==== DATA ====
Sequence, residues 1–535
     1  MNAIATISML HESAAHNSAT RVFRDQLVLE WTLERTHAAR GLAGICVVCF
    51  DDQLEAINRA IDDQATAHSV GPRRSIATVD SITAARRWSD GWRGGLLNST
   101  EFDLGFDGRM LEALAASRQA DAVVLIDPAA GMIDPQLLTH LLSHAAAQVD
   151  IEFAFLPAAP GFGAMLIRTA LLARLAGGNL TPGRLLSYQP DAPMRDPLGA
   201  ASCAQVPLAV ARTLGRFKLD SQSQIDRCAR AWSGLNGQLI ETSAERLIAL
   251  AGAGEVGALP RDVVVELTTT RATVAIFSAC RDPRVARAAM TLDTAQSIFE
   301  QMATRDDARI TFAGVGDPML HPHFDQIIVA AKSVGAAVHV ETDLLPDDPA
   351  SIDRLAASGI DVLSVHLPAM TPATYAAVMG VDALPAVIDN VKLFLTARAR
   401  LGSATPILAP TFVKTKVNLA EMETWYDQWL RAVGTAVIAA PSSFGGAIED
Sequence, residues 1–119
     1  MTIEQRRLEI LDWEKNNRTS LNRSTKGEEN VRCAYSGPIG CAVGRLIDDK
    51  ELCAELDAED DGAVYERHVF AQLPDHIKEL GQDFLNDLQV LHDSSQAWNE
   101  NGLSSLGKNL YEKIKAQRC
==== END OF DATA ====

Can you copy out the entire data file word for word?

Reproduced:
Sequence, residues 1–535
     1  MNAIATISML HESAAHNSAT RVFRDQLVLE WTLERTHAAR GLAGICVVCF
    51  DDQLEAINRA IDDQATAHSV GPRRSIATVD SITAARRWSD GWRGGLLNST
   101  EFDLGFDGRM LEALAASRQA DAVVLIDPAA GMIDPQLLTH LLSHAAAQVD
   151  IEFAFLPAAP GFGAMLIRTA LLARLAGGNL TPGRLLSYQP DAPMRDPLGA
   201  ASCAQVPLAV ARTLGRFKLD SQSQIDRCAR AWSGLNGQLI ETSAERLIAL
   251  AGAGEVGALP RDVVVELTTT RATVAIFSAC RDPRVARAAM TLDTAQSIFE
   301  QMATRDDARI TFAGVGDPML HPHFDQIIVA AKSVGAAVHV ETDLLPDDPA
   351  SIDRLAASGI DVLSVHLPAM TPATYAAVMG VDALPAVIDN VKLFLTARAR
   401  LGSATPILAP TFVKTKVNLA EMETWYDQWL RAVGTAVIAA PSSFGGAIED
Sequence, residues 1–119
     1  MTIEQRRLEI LDWEKNNRTS LNRSTKGEEN VRCAYSGPIG CAVGRLIDDK
    51  ELCAELDAED DGAVYERHVF AQLPDHIKEL GQDFLNDLQV LHDSSQAWNE
   101  NGLSSLGKNL YEKIKAQRC